Pharmacy Services

Pharmacy Services Residency

Internal Medicine I

 (PGY1 Rotation - Acute Care)

 
Preceptors:

Jennifer Babin, PharmD, BCPS
Amanda Gallegos, PharmD, BCPS
Heather Nyman, PharmD, BCPS
Katie Nighorn Scerbo, PharmD
Susanna Ku Smith, PharmD

 
Site Description:

The internal medicine service at the University of Utah Hospital currently consists of five teams, with potential to expand to eight teams in the near future. Most teams consist of an attending, resident, two intern physicians and medical students. Each internal medicine team consists of up to 20 patients with a total census of up to 80-100 internal medicine patients throughout the hospital. The majority of internal medicine patients are located on one of two internal medicine units (AIMA or AIMB), however patients can be located throughout the hospital. Common reasons for admission include infection, coagulopathies, pulmonary dysfunction, liver dysfunction, and renal failure. Patients often present with multiple disease states and complicated drug regimens.

 
Rotation Description:

The pharmacist functions as part of a multidisciplinary team. Primary responsibilities include daily review of medication profiles, patient educations, reconciliation of home medications and improving medication dosing and utilization in all patients.

Residents contribute to patient care by monitoring patients, making recommendations to the medical team to improve care, and by facilitating the delivery of medications. Residents will round with one of the internal medicine teams.

Presentations include daily patient presentations, bi-weekly topic discussion, weekly formal case presentations, one journal club, and one educational presentation/in-service.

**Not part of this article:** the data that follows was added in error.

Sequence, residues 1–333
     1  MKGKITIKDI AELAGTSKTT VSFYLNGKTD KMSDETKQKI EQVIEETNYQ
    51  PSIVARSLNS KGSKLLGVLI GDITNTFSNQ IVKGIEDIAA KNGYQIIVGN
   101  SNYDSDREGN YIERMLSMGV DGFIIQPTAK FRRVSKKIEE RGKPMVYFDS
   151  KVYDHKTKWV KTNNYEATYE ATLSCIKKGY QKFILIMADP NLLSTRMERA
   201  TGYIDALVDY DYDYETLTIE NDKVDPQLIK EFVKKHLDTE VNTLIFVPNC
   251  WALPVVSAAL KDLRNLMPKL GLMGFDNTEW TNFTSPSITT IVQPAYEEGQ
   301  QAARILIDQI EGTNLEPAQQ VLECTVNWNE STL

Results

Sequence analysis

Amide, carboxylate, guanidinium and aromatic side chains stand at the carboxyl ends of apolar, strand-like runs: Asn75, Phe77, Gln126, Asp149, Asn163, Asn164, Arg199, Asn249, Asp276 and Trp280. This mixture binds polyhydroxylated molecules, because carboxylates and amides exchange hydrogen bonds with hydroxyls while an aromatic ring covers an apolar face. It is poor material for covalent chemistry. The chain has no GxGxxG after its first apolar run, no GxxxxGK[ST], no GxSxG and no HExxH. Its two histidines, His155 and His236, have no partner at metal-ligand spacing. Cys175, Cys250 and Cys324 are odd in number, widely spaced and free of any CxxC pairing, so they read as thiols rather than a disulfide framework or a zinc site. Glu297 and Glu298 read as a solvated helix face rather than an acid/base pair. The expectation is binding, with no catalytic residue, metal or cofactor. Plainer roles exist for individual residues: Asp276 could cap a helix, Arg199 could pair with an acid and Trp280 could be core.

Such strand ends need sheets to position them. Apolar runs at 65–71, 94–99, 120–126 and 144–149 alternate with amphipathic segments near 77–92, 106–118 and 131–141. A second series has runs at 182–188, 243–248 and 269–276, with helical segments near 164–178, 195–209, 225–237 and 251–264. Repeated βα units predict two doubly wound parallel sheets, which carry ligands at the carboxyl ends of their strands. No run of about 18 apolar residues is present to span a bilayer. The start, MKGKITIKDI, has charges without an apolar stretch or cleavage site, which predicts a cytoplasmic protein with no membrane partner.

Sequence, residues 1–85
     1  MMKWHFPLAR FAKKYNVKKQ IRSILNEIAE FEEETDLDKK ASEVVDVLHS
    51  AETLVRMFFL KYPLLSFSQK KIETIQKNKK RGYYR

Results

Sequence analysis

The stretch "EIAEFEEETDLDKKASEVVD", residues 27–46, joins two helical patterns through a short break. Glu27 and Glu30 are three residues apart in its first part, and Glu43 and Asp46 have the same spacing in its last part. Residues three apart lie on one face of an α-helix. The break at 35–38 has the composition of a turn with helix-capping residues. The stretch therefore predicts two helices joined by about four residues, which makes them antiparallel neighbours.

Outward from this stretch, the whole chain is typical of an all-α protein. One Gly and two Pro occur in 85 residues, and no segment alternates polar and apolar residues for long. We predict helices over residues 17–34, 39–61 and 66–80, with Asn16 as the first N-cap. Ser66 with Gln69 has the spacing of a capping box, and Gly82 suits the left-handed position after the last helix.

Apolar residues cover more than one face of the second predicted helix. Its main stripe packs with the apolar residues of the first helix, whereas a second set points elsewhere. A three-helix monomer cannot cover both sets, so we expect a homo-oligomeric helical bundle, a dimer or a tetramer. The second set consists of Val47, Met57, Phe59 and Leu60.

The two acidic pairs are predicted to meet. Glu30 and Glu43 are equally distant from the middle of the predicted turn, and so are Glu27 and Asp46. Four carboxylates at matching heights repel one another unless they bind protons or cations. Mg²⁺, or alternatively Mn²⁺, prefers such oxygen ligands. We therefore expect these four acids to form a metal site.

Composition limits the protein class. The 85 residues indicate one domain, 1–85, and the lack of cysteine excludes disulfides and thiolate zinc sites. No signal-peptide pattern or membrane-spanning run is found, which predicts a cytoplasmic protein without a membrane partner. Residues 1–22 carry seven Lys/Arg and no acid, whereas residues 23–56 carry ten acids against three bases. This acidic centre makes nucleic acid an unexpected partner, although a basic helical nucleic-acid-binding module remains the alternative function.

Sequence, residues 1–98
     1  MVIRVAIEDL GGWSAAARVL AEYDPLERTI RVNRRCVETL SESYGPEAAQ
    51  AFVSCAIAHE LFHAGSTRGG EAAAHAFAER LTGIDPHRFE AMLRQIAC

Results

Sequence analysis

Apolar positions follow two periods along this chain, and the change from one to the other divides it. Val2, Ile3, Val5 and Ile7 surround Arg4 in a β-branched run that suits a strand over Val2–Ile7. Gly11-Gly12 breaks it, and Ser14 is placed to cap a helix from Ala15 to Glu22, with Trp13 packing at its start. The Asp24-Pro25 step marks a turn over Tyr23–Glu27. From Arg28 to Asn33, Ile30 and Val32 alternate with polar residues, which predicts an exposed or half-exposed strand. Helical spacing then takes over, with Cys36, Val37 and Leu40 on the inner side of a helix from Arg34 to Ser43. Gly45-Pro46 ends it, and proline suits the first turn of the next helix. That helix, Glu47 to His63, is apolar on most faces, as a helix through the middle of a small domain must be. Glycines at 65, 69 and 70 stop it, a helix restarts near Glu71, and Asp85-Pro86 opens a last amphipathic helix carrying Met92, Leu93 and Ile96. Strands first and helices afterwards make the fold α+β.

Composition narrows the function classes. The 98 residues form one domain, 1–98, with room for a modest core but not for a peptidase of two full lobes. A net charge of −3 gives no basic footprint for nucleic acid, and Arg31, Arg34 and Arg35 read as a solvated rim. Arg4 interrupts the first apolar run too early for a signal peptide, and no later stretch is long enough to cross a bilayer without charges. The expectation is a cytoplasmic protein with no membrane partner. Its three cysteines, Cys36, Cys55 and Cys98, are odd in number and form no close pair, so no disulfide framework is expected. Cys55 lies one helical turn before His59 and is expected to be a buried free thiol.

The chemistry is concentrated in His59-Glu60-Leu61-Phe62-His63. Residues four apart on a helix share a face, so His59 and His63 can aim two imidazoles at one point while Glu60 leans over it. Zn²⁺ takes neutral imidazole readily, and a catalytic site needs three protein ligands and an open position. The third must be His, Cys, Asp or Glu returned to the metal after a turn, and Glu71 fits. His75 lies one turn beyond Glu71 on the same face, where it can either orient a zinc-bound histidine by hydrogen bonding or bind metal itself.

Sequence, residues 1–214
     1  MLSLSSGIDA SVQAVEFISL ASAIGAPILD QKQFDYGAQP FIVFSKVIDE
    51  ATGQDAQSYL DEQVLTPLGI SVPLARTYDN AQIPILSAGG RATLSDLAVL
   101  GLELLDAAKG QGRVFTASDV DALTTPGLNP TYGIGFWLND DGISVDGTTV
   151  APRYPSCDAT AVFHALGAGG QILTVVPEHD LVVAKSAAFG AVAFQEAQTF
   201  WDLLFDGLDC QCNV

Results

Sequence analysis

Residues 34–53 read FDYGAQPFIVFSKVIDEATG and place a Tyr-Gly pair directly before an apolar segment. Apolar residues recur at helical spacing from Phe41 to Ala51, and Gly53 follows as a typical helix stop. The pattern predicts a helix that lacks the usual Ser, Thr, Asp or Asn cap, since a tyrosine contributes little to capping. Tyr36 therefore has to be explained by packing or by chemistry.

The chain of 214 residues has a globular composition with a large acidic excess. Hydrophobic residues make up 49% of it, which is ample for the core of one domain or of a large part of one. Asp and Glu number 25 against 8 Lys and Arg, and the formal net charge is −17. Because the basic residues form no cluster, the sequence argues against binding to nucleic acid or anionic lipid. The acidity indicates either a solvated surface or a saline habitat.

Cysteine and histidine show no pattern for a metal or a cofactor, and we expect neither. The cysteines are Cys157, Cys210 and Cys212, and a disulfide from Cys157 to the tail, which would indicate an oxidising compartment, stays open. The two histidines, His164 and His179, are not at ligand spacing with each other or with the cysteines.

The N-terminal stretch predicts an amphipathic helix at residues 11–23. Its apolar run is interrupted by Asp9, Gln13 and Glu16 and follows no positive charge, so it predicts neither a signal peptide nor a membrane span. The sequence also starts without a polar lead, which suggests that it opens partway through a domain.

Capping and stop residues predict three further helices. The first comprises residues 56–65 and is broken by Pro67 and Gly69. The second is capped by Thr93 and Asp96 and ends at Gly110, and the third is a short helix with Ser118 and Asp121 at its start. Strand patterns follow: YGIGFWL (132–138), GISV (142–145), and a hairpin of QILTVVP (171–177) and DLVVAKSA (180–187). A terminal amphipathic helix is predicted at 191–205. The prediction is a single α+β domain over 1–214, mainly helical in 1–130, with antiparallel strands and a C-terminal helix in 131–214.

RLS Goals:

  • Goal R1.1 In collaboration with the health care team, provide safe and effective patient care to a diverse range of patients, including those with multiple co-morbidities, high-risk medication regiments, and multiple medications following a consistent patient care process
    • OBJ R1.1.1 Interact effectively with health care teams to manage patients’ medication therapy
    • OBJ R1.1.2 Interact effectively with patients, family members, and caregivers
    • OBJ R1.1.4 Analyze and assess information on which to base safe and effective medication therapy
    • OBJ R1.1.5 Design or redesign safe and effective patient-centered therapeutic regimens and monitoring plans (care plans)
    • OBJ R1.1.7 Document direct patient care activities appropriately in the medical record or where appropriate
    • OBJ R1.1.8 Demonstrate responsibility to patients
  • Goal R1.2 Ensure continuity of care during patient transitions between care settings
    • OBJ R1.2.1 Manage transitions of care effectively
  • Goal R3.1 Demonstrate leadership skills
    • OBJ R3.1.1 Demonstrate personal, interpersonal, and teamwork skills critical for effective leadership

Activities Evaluated:

midterm and final

RLS Objective

Rotation Activity

Teaching Method

OBJ R1.1.1 Interact effectively with health care teams to manage patients’ medication therapy

Residents will act as an effective member of the medication-use safety team to ensure the safety and welfare of the patient. Examples: assisting physicians with medication dosing/route, assisting nursing staff with questions such as IV compatibility.

Residents will round daily with one of five internal medicine teams.  Residents will have the option of rounding with the preceptor the first day but will round independently for the remainder of the rotation, which will allow the resident to establish a collaborative, professional relationship with members of their medical team.  The number of patients will vary daily, but each internal medicine team can have a maximum of 20 patients. 

Direct Instruction
Modeling
Coaching
Facilitation

OBJ R1.1.2 Interact effectively with patients, family members, and caregivers

Residents will complete admission medication histories, provide anticoagulation educations and provide medication counseling to patients and their families when appropriate.

Coaching
Facilitation